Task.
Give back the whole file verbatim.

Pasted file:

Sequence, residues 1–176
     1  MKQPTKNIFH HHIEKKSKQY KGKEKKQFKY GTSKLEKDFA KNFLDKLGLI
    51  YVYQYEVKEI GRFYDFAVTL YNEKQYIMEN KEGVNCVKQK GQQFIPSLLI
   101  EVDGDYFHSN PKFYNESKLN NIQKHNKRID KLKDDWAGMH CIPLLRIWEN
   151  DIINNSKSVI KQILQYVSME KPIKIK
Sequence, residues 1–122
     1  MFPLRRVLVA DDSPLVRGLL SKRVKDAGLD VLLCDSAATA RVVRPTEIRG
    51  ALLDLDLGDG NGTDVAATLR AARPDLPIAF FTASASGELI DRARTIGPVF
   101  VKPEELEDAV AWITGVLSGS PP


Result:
Sequence, residues 1–176
     1  MKQPTKNIFH HHIEKKSKQY KGKEKKQFKY GTSKLEKDFA KNFLDKLGLI
    51  YVYQYEVKEI GRFYDFAVTL YNEKQYIMEN KEGVNCVKQK GQQFIPSLLI
   101  EVDGDYFHSN PKFYNESKLN NIQKHNKRID KLKDDWAGMH CIPLLRIWEN
   151  DIINNSKSVI KQILQYVSME KPIKIK
Sequence, residues 1–122
     1  MFPLRRVLVA DDSPLVRGLL SKRVKDAGLD VLLCDSAATA RVVRPTEIRG
    51  ALLDLDLGDG NGTDVAATLR AARPDLPIAF FTASASGELI DRARTIGPVF
   101  VKPEELEDAV AWITGVLSGS PP